Jamaican cultural values and its moral values as they are today in comparison to how they were in the past will never be the same. In life, change is constant, whether its technology, cultural or moral values, nothing stays the same. Many people say, “How sweet life was back in the days”, then they take out their mobile phone.
How great would life be if everyone could have the best of both worlds? Unfortunately, that’s not how it works. Imagine if society puts in the same amount of force to keep cultural and moral values together as they do to ensure the progression of technology. Oh what a wonderful world it would be, the gatekeepers of integrity would be on high alert. It would become a place where helping your neighbors build up and not self destruction would be the right thing to do.
Well, fortunately and unfortunately, just like the rest of the world, Jamaican cultural and moral values are constantly changing. Some changes are for the better even though the demands in society have increased. The pressure on the people are causing more reaction with every action.
Luckily, Jamaica is keeping up with the global necessities and the ever changing world, just to stay competitive. Unfortunately in doing so, some of the cultural and moral values are being left behind. The generation growing up in the 1950s, 1960s and 1970s were held at a higher standard. Many Jamaican children of the 50s, 60s and 70s grew up with their grandparent. Their parents went out to work locally on the island while others migrated mostly to the United Kingdom and other parts of the world seeking a better way of life.
As a result, early Jamaican children cultural and moral values were tied to 18thcentury tradition. Back then, children were raised by their grandparents. In addition, the adage, “It takes a village to raise a child” was absolutely the truth. Children were held t0 a higher standard by adults. Adults instilled moral values and expected the children to do the right thing even when no one was looking. We can remember our grandparents Peter and Olive Hinds, living on Lucky Hill Farm in St. Mary. One of the requirements to live on the farm was that couples had to be married.
Peter & Olive Hinds and grand children
In the 50s, 60s, and most part of the 70s, especially in the non urban parts of the island (the country), it’s our personal experience that having respect for your elders were the rule. Having respect for your teachers and ministers were the rule and been raised by the village was definitely the rule. I know people as well as our family members who were given a beating / spanking by our grand-parents because an elder or a teacher said we /they did not follow a rule. However, what was once the rule in Jamaican cultural and moral values are now the exceptions. The cultural and moral standards as we once knew, no longer exists. As times changed and more grandparents needing to work to support their cost of living, so have the cultural gaps and moral values in society.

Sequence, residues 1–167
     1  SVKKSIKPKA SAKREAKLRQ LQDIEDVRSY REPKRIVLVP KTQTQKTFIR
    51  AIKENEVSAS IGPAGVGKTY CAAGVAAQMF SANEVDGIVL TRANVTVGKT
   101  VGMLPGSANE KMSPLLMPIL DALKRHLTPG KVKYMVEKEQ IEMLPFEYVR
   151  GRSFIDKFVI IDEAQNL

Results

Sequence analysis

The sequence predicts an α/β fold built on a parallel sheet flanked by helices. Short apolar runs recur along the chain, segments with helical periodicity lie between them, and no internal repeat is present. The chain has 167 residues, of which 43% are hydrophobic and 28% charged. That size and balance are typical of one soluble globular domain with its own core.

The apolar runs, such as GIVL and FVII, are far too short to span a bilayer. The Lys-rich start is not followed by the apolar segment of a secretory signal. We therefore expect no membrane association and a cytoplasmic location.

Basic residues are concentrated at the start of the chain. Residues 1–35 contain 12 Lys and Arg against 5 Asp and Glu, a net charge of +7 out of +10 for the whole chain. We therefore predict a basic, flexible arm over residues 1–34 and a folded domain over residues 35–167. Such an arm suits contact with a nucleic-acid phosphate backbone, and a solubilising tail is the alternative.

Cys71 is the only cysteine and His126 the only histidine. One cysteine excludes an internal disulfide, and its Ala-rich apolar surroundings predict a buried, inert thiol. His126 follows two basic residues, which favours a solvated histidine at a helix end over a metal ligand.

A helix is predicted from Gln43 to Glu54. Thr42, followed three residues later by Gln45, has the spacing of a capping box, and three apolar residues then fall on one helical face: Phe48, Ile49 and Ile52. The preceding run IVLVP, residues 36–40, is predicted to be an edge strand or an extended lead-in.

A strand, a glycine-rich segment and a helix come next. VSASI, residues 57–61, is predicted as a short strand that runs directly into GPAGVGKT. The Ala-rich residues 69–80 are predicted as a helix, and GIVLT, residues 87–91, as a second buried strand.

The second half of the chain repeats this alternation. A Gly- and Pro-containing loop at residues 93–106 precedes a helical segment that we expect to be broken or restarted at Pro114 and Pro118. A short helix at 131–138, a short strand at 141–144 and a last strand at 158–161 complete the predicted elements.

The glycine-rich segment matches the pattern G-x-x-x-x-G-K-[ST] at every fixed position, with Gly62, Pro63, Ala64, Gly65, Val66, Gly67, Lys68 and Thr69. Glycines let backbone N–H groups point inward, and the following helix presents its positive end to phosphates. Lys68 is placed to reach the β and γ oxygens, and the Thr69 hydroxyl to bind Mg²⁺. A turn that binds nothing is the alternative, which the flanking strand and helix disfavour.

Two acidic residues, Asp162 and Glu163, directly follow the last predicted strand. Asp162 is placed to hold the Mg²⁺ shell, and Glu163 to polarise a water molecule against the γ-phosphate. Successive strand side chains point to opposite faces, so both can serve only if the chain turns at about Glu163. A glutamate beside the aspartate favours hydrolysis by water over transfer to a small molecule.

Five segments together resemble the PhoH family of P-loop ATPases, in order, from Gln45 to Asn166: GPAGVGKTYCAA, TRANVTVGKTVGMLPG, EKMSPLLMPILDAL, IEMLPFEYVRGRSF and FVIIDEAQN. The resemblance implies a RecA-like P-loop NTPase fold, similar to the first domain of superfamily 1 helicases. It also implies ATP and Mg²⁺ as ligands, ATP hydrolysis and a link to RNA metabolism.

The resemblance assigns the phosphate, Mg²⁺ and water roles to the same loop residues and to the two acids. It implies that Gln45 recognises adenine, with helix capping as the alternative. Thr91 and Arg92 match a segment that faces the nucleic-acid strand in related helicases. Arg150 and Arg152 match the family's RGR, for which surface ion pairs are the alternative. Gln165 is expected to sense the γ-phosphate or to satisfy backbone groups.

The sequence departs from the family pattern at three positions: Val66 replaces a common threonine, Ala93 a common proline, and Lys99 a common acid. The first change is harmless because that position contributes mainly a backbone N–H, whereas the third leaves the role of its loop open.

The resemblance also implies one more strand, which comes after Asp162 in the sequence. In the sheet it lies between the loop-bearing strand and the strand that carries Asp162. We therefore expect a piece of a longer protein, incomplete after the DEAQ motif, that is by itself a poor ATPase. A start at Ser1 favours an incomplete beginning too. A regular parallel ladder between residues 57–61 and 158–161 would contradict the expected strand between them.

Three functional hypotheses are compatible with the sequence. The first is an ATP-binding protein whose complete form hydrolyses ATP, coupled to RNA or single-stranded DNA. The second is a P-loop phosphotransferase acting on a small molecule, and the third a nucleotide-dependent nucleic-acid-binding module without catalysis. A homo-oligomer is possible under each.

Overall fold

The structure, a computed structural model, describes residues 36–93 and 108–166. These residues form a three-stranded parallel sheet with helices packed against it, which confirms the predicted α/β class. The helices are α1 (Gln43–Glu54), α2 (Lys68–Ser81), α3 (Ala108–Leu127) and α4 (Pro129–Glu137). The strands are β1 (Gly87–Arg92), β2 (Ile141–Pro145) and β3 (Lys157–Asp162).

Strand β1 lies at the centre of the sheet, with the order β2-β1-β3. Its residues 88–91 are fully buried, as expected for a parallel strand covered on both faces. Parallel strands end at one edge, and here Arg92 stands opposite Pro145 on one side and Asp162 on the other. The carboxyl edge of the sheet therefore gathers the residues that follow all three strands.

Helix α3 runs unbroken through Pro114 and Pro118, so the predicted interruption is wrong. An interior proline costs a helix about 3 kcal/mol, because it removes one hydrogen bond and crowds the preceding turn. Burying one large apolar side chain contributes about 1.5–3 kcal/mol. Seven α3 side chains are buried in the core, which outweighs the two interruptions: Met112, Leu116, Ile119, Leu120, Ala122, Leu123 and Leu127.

Jamaican culture can be divided into two broad categories in our opinion. There are the city people and the country people. As the saying goes, “You are a product of your environment.” People tensed to adapt the ways and thinking of their surroundings which separates the people living in the city versus the country. People have often said, “A city is a city, is a city.” Many people living in New York City and the city of Kingston Jamaica has certain similarities versus the people living in the country parts of South Carolina USA and in the country in St. Mary, Jamaica. Jamaican cultural and moral values remain very different in the city than they are in the country.
Much appreciation on how far Jamaica’s infrastructure came in the last thirty years. Unfortunately, globally and in Jamaica, cultural and moral values are being compromised. The integrity gap between the city and the country are getting much closer than years past. Many baby-boomers and children of the new generation are not able to have the family times that are required to teach and uphold cultural values. Parents are working longer hours and family times are getting shorter. Gone are the days of stay at home mom and grand-mother. Many children are growing themselves up by spending their times watching TV and playing video games. And in many instances, it makes better sense than wondering in the streets.
Fortunately, life is constantly changing and teaching cultural and moral values lies in the hands of each household. The great news is that people will continue to teach their children so there is hope. Adults and parents still have a role to play to ensure their children grow with respect. The future still remains bright and as the saying goes, where there is life there is hope. Teaching respect for others and love thy neighbor as thyself is the cultural and moral values which will help Jamaica to shine bright again.